I don’t know about you, but I was almost cold this morning. It’s been months since I had that feeling and I’ve sweated through a lot since then. My thighs were mauled by a gauntlet of mosquitoes yesterday morning as I ventured towards low tide; I won’t miss those bastards either, come the first hard frost. The sudden turn to temps in the 60s at night reminds us that according to the bird calendar, it’s already early fall, with the south-bound migration in play, especially along the shore. This past weekend, I saw the following birds in various forays to Jamaica Bay, Prospect Park, & Dead Horse Bay, sometimes in more than one place: double-crested cormorant, great egret, great blue heron, snowy egret, black crowned night heron, green heron, yellow-crowned night heron, glossy ibis, Canada goose, mute swan, mallard, American black duck, osprey, least tern, common tern, laughing gull, herring gull, great black-backed gull, short-billed dowitcher, ruddy turnstone, semipalmated plover, American oystercatcher, lesser yellowlegs, sanderling, black skimmer, American goldfinch, American crow, barn swallow, rock dove, northern flicker, robin, catbird, starling, house sparrow, and a few other regulars I’ve forgotten.Here are a couple of pics.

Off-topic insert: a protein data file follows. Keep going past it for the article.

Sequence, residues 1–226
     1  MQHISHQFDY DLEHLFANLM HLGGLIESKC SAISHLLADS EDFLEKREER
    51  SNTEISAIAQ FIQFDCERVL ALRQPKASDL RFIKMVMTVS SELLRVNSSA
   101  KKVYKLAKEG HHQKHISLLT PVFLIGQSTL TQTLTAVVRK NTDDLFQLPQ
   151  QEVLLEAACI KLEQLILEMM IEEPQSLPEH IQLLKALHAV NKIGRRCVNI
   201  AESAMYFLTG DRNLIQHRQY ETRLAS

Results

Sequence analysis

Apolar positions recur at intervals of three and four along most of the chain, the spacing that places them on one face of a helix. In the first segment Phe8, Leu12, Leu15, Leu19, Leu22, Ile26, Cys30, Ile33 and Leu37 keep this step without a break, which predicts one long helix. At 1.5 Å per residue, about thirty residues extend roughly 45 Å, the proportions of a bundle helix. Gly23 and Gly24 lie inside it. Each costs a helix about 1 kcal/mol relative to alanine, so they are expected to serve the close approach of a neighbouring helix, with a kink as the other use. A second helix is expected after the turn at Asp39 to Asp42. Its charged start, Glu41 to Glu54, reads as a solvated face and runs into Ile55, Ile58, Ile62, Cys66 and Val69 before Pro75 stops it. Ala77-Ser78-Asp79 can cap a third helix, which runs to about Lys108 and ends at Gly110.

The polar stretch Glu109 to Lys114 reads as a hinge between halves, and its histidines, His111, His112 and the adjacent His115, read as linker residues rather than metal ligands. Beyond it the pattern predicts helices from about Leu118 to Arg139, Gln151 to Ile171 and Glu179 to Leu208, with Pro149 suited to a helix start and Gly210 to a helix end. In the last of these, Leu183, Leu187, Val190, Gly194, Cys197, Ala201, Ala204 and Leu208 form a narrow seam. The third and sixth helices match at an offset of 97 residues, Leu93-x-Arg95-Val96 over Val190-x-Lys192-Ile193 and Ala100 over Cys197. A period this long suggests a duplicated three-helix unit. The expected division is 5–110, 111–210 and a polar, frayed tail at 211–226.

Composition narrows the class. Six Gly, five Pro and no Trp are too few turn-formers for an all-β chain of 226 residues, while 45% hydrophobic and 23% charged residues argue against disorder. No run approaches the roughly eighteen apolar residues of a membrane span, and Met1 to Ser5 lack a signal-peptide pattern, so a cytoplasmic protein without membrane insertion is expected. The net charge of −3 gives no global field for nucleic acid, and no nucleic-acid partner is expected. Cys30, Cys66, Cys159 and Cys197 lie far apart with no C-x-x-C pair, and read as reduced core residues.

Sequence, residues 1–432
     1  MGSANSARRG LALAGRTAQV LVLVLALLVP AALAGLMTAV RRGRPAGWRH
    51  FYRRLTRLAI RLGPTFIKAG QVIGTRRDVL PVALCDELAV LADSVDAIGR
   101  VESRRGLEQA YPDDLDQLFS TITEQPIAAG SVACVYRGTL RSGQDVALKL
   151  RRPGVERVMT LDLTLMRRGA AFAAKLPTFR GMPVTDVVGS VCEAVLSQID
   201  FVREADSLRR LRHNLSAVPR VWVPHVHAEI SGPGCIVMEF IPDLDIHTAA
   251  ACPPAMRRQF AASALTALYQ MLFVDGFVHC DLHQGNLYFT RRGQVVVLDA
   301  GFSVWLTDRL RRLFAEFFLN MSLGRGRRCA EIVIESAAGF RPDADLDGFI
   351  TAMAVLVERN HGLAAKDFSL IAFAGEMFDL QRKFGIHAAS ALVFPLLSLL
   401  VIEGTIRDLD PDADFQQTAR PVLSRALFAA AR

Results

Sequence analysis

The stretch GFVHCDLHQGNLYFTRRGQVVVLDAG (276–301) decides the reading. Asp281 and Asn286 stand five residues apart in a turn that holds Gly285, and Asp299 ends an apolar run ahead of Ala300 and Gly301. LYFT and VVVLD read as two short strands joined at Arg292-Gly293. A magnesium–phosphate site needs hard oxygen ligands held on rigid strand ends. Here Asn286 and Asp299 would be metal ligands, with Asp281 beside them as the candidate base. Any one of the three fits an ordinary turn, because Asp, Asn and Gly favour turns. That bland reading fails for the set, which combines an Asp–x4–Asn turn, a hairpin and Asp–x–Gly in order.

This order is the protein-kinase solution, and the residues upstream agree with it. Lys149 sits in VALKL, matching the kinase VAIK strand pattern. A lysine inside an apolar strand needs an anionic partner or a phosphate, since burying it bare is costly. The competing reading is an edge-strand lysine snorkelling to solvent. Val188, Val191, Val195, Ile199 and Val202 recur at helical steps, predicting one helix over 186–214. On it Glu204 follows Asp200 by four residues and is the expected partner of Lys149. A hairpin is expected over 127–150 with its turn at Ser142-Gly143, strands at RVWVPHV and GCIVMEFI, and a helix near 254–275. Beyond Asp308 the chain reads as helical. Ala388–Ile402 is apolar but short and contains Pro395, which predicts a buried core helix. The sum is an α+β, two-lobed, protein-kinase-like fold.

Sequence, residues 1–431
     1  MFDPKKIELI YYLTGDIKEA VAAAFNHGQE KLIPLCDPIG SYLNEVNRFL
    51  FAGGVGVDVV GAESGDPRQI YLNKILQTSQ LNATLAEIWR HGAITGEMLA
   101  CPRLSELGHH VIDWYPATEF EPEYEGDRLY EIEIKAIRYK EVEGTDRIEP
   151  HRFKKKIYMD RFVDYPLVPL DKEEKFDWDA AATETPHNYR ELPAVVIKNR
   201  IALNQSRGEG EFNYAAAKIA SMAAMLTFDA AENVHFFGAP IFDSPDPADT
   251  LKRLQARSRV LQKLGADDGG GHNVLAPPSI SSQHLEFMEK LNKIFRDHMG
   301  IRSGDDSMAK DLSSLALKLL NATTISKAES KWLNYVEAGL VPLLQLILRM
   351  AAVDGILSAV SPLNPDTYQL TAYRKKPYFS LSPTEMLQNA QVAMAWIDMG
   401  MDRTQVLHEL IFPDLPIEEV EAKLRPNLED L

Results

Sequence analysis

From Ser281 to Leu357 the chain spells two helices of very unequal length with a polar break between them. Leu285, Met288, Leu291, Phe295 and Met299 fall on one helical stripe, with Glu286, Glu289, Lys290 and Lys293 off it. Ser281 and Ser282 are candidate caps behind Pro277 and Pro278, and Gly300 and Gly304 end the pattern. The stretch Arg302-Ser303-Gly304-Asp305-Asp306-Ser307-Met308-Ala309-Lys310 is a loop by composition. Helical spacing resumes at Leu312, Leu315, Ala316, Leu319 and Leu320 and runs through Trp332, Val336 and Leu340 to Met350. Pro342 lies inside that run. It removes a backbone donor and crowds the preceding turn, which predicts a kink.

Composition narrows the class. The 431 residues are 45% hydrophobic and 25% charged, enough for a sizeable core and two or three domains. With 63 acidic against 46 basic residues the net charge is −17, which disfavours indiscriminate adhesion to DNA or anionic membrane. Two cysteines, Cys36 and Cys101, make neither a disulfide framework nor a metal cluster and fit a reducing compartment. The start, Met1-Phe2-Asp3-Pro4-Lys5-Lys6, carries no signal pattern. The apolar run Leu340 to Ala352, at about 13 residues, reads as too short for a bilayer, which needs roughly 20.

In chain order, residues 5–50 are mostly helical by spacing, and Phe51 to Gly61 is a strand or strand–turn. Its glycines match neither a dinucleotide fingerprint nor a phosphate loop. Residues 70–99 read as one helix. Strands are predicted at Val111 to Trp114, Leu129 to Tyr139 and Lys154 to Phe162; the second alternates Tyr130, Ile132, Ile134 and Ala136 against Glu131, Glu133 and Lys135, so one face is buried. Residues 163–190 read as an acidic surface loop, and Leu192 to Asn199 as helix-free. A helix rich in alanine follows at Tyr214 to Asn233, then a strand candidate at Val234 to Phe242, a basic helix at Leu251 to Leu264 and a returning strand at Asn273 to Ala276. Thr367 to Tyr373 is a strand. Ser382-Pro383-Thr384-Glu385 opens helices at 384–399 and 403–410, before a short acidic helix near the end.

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These are children’s shoe lasts. A pair makes a very nice letter holder. Last, from the Old English for “footprint,” from the Latin for “furrow” -- “more at LEARN” because you tow the line of your teacher. The definition of “last” previous to this one in my beloved Webster’s Third unabridged is a unit of weight, for up to 20,000 herring. Damn, I love dictionaries. Paper ones, books, the hand and eye making all sorts of discoveries. I also love old wood. This wood looks as supple and lustrous as old leather, when in fact, it’s hard, dense stuff.